CHARLOTTE – Handling conflict cross-culturally

Handling conflict cross-culturallyOne of my favorite quotes is one by C.S. Lewis. He wrote: “When things go wrong, you’ll find they usually go on getting worse for some time but when things once start going right they often go on getting better and better.”Everywhere in the world, things are going wrong and people are angry: Tornadoes damaging homes and killing people, wars robbing innocent civilians of their belonging and lives and criminal acts against good citizens. Problems and conflict can occur while traveling, too! When things go wrong, as they will inevitably, watch out!A Today’s Zaman reader sent this note to me about an experience they witnessed at a hotel recently on their trip in Turkey:Dear Charlotte: While my husband and I were staying in a hotel, I noticed a couple at the reception desk who seemed very irate. Evidently, they had some valuables stolen from their hotel room and were demanding the housekeeper be fired. They expected a different response from hotel staff than they received. In trying to get customer satisfaction, their only point of contact was with the person standing in front of them at the front desk. It became a real shouting match! We kept our distance and wondered how this problem would ever be solved. From: Karen Harris (Kentucky) Dear Karen: This is not an unusual scene when you are traveling abroad. For some odd reason, particularly when it involves a Western chain or franchise, people expect to receive the same standard of customer satisfaction as back home. However, if we are honest, we do not always get the customer service we wish for even back home. It seems tourists expect things to be like home, though. But they are not. This kind of problem can happen anywhere.When you travel in a foreign country where you are unfamiliar with the way things work, it is important to be able to recognize the signs of stress and to draw back. What do we mean by “when things go wrong“? Answer: When people become visibly upset. This can happen at the most unexpected times and under the most surprising circumstances.Sometimes it is best to not try to fix things on the spot. Most westerners feel the need to do just this.There are some points to keep in mind when addressing a problem in Turkey. The best thing to do is to have a Turk help you if you do not speak Turkish (and often even if you do!). This can be for some of us Westerners a real pride thing, as back home we fixed everything ourselves.When things go wrong, the odds for misunderstanding are high. I have seen foreigners in Turkey raising their voices and pounding on desks. But if you are smart, you quickly learn if you live here that this will rarely bring about positive results.Here is what I recommend: Find an understanding Turk with whom you can communicate. Approach the person with whom you have conflict with caution and respect in a low-key manner and let the Turk do most or all the talking for you. Avoid the blame game. Americans invariably do this as part of our confrontational, litigious style. Cut your losses and repair the damage. This can be hard. It all depends on how seriously the person has been offended. Try to make people feel good again and try to establish harmony. If you can say you are sorry even though you may not be the one who should be saying it, progress will be made. Learn to read the body language and signs of the other person. The signs may be subtle ones of reluctance or distress or different forms of angry expressions. A few indications of reluctance and distress are when requests are not acted upon when the person replies, “I will do my best” or when he looks doubtful and doesn’t promise anything and says “tamam” or “peki” (OK).The one thing you do not want to do in this shame-based culture is to offend the person, even if he is in the wrong. You do not want the person you are addressing to think that you think he is in the wrong. If the person thinks you are accusing him, he will completely shut down: Their mind will be closed to your protests.Remember, anger can be felt in a more passive form but not expressed. The good thing is once you break through the conflict barrier, things get bette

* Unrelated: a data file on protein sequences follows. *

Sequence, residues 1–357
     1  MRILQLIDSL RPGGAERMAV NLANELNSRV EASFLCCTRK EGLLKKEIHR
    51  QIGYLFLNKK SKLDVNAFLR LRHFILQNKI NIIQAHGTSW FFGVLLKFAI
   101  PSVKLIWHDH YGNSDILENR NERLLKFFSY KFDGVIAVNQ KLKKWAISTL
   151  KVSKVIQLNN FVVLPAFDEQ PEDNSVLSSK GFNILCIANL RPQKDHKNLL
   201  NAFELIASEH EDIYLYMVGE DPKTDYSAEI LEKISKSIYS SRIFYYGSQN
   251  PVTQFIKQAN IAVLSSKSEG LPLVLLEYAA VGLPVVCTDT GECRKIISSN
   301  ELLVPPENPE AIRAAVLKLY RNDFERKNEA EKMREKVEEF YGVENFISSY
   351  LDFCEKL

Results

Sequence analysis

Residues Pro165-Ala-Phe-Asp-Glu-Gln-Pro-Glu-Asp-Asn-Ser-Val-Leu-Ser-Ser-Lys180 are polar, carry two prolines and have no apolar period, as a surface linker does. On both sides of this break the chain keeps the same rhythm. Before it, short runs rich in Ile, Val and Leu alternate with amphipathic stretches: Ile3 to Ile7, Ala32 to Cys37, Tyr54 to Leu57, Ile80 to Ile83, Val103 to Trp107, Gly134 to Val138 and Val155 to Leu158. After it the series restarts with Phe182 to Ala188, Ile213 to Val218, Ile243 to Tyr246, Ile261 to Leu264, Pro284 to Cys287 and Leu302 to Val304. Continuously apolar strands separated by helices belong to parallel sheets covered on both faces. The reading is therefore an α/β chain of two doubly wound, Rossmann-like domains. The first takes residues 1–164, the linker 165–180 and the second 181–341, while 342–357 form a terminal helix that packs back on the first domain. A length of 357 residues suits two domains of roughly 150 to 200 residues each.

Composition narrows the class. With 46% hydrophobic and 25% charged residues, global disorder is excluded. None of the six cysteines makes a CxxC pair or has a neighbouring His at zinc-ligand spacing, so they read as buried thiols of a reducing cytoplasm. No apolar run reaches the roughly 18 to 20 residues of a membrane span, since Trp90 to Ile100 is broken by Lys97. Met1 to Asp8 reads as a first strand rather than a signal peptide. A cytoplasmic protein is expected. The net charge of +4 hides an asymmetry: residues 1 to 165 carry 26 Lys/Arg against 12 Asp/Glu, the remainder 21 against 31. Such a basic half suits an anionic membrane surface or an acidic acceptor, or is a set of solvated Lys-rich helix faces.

SOURCE: Todays Zaman